Texas Independence Day Lesson for Kids

Instructor: Corrie Boone

Corrie holds master's in elementary education, taught elementary ESL in the public schools for 5 years, and recently was teaching EFL abroad.

Texans take a lot of pride in the fact that their state was once its own country for about ten years. However, breaking free from Mexico didn't come easy - the day they did is known as Texas Independence Day, which you'll learn about in this lesson.

Texas Independence Day

Did you know that Texas used to be part of Mexico, but eventually became its own country before joining the United States? The day Texas broke free from Mexico and became its own country is known as Texas Independence Day. Texas Independence Day is celebrated on March 2nd in much the same way the United States celebrates its national day of independence on July 4th. Let's talk about the historical events that led up to Texas Independence Day.

Historical Background

In the early 1800's, Texas belonged to Mexico and was widely unpopulated. In 1823, Mexico passed a law allowing citizens of the United States to move into Texas, hoping they'd bring their goods and services with them. Americans jumped on this opportunity and by 1830 outnumbered Mexicans 10 to 1. The Mexican government didn't want to lose control of Texas, so it passed a law forbidding more Americans from moving into the area. They even sent the Mexican Army to occupy and control the land.

General Santa Anna, who led the Mexican army

By 1832, the Americans living in Texas decided that they didn't want to be a part of or controlled by Mexico anymore, so they held a convention requesting separate statehood from Mexico. The Mexican government denied their request. The Americans held a second convention in 1833 and wrote a state constitution for Texas. The Mexican government denied their request again, which led to the War of Texas Independence.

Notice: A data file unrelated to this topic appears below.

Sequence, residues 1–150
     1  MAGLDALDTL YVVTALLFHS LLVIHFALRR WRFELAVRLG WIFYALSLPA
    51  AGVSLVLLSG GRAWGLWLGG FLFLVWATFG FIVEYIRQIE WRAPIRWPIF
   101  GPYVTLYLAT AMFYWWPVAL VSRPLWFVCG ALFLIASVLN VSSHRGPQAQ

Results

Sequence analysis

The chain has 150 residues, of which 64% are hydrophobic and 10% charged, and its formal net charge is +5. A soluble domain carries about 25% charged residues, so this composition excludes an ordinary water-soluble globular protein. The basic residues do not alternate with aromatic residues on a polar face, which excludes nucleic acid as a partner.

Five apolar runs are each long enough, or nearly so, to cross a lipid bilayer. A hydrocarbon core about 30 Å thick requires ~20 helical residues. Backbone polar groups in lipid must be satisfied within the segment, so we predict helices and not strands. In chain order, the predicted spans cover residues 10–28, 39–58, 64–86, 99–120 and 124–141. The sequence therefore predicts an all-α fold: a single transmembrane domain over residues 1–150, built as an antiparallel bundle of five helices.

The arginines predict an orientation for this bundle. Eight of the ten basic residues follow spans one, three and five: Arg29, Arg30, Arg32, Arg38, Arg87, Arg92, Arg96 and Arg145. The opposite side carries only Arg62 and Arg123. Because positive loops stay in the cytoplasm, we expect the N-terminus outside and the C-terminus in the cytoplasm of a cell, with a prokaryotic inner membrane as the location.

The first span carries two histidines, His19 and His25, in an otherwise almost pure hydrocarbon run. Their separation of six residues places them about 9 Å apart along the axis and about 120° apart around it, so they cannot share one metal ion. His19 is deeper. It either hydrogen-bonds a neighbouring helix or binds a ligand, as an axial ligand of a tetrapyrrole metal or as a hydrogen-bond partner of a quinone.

War of Texas Independence

As their requests were repeatedly denied, Texans grew angrier about their lack of freedom. The battles listed below took place between October and December in 1835 and led to Texas's eventual independence.

  • Battle of Gonzales: the first fight between Mexico and Texas. Mexico tried to take back a cannon they had given the Texans for protection.
  • Battle of Goliad: the Texans won this fight.
  • Battle of Concepcion: Texans were once again victorious, despite being seriously outnumbered.
  • Siege of Bexar: Texans captured San Antonio.

Texans responded to the Battle of Gonzales by raising a flag that read COME AND TAKE IT.

Convention of 1836

Throughout early 1836, the Texans continued to grow stronger and more organized. On March 1st, they held the Convention of 1836 to sign a constitution and form their new government. It was officially adopted the very next day. However, word of this didn't reach San Antonio until much later, where a big battle was brewing.

On March 6th, General Santa Anna and the Mexican army attacked and defeated the Texans at the Battle of the Alamo. This only further motivated them to continue their fight for independence!

Battle of the Alamo

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